If you’re just starting out, these people will all have more experience than you since they’ve done it before; in 99% of the cases, they are honored that you thought of them. I am so lucky to have the same advisors and mentors today that I did eight years ago; I’ve also been lucky enough to meet many new ones along the way.
These amazing people (most of them women) have taught me so much, gifted me with such invaluable lessons, that I will forever be grateful. And the thing is, even eight years into my entrepreneurial career, I still have questions, I still don’t know things, and I still need help. Hold those relationships closely and treasure them.
What advice do you have for women who are just starting out?
A lot of people ask me about their college major and how that affects their career. I started as a Journalism major at Northwestern, but decided to switch into the theatre program in the middle of my freshman year. I am not doing theatre now – in fact, I am not doing anything close to it (although the theatre program taught me confidence and gave me the wherewithal to speak in front of people, which has proven to be an absolutely invaluable tool).
The point is: It doesn’t matter. Get yourself a good education and do what you want. Value the relationships you made in school with advisors and professors because they can help you get a job or introduce you to the right people when it comes to starting your business.
I also recommend starting a business by yourself if you can. You are married to the person you go into business with, so think long and hard about whether or not you’d share your finances, your creativity, and the majority of your waking hours with them. And only go into business with someone you trust. Not everyone is after the right things, not everyone has the same moral compass that you do, and not everyone conducts themselves in the professional way that you’d like. Follow your gut.
How do you measure success? How do you stay motivated?
Wow, this is a great question. Professional success to me means making a difference and really putting your stamp on a business or a position. Of course, we all have numbers we want to hit—more subscribers, more diners, more partnerships, more event attendees, and those are obvious performance indicators, but proving yourself invaluable within an organization is a huge sign of success. It’s also a sign of success if you can go to work everyday and feel truly happy to be there.
As for motivation, I’ve always been an innately motivated person; I’ve never required outside motivators to get me going. With Reserve, I’m motivated by the fact that in a couple of years, we could truly change the face of the dining industry. I mean, what could be more motivating than that?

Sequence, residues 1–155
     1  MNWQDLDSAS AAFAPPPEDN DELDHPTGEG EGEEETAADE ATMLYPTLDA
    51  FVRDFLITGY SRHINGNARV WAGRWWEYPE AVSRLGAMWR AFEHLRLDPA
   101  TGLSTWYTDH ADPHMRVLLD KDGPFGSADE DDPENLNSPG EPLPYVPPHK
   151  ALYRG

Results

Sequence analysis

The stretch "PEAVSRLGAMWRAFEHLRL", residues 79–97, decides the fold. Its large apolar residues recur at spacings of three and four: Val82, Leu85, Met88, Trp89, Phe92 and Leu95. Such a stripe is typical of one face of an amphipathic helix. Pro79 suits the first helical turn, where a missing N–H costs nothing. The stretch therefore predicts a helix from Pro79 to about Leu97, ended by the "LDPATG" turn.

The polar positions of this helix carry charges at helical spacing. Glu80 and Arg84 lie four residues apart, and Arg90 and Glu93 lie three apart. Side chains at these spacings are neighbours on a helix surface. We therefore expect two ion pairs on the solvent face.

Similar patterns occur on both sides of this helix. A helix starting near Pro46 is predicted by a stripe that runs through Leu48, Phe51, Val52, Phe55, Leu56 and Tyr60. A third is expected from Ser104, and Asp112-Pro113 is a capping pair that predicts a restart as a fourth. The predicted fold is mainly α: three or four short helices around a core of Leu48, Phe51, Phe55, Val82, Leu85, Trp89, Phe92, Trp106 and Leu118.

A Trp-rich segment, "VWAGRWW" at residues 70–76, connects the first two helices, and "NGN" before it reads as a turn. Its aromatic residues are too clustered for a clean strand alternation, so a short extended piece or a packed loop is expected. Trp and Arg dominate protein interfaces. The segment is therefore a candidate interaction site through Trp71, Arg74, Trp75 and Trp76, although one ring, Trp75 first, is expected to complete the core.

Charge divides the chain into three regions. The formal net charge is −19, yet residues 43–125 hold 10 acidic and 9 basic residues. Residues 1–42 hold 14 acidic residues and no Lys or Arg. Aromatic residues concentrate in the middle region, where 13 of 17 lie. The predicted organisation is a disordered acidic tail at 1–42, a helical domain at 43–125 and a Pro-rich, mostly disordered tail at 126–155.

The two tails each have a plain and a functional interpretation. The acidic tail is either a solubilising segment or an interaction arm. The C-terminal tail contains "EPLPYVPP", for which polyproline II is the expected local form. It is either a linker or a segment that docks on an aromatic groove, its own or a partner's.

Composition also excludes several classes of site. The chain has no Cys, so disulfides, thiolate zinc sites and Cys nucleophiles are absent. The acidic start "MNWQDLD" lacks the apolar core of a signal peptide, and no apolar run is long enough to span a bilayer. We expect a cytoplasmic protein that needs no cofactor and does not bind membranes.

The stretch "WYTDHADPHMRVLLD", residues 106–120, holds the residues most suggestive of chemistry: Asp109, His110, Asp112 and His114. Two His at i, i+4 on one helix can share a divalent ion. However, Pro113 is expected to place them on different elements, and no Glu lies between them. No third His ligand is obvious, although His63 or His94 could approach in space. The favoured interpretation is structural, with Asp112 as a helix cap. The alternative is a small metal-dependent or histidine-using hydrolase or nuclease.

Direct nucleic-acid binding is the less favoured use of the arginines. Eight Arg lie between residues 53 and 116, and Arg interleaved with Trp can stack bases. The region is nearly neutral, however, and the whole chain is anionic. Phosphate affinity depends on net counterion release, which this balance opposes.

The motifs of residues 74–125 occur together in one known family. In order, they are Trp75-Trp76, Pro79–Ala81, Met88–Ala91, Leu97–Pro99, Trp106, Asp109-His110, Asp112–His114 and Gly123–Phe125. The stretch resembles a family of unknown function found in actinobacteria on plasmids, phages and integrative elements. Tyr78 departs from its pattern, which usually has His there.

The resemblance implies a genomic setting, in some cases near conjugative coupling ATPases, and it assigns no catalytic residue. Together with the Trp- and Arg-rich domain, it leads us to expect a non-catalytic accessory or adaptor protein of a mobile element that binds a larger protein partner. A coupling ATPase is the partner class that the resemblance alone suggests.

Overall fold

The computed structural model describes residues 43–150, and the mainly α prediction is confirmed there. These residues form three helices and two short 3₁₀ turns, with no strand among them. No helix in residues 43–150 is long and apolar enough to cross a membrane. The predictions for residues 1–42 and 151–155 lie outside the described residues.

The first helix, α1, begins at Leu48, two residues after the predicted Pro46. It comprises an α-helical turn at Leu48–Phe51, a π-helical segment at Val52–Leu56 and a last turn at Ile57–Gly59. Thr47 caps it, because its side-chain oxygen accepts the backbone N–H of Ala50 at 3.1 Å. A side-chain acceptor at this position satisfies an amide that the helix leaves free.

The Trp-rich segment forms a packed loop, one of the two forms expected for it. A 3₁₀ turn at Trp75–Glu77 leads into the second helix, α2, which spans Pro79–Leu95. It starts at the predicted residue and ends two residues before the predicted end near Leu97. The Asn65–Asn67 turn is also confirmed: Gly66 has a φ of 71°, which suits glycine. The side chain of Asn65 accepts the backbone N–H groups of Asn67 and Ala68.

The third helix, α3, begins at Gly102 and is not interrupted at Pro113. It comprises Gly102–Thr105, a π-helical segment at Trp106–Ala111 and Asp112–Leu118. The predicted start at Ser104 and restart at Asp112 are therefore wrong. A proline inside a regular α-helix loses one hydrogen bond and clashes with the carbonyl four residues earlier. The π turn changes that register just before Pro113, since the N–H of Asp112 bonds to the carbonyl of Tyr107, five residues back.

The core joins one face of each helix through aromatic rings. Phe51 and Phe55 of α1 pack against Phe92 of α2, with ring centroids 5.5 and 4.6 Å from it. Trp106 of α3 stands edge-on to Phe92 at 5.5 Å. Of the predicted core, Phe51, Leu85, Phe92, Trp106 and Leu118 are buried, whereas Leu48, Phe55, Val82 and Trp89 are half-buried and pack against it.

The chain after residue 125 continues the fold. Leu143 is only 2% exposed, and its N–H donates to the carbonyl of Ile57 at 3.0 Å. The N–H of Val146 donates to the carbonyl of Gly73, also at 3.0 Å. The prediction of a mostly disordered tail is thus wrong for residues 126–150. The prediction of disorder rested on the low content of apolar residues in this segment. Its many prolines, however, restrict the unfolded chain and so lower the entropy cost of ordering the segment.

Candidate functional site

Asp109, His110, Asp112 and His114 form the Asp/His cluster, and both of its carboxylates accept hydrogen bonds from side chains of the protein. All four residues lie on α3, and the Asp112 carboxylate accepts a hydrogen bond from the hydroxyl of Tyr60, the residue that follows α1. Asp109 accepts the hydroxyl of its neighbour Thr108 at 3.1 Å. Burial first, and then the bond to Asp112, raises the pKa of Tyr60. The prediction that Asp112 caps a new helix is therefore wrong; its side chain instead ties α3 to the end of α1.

It’s also motivating to just feel good and to take care of yourself. It’s important that I maintain some semblance of “normalcy” despite the long hours and working weekends. Yoga is a huge thing for me; I feel more prepared to take on the world after a hot yoga class at Om on the Range, or after a long bike ride, or Zumba class.
What advice would you give your 23-year-old self?
Believe in yourself, believe that the world works in mysterious ways, believe that life hands you lessons whether you want to receive them or not—they’re for the best. It doesn’t matter if you make a mistake; in fact, it’s a good thing. It teaches you what not to do the next time.
Maintain relationships; ultimately, nothing is more important than those you love and those that love you. Keep your long-term friends really close. Make time for the people that matter.
Never think you’re more important or that your job is more important than anyone else’s. Don’t trust everyone you meet, but don’t be suspicious of everyone either (although I’d err on the side of the latter). Time heals all wounds. You don’t always need to get the last word, although it sometimes feels really good.
Take time for you because if you’re not happy and healthy from the inside out, you’re not going to operate at your best for anyone else. Love is awesome: Find it, savor it, relish in it, trust in it, and never let it go.
Erica Kane is The Everygirl…
Go-to coffee order?
I stopped drinking caffeine about two years ago, but I love the taste of coffee. So every morning it’s a decaf black (preferably Dunkin’ Donuts!) coffee for me.
Best advice you’ve ever received?
“You can’t make a good deal with a bad person and you can’t make a bad deal with a good one.”
If you could have lunch with any woman who would it be and what would you order?
Liza Minelli. A martini.
Favorite vacation spot?
I’m from West Palm Beach, Florida and it will always have my heart. Going home to visit my family, have my mom’s home cooking, go to the beach every day, go to yoga and bike rides—there is no better place on earth.
I wish I knew how to…
speak another language. I minored in Italian in college, but never picked up the whole fluent speaking thing. Maybe one day!
TV show you wish was still on the air?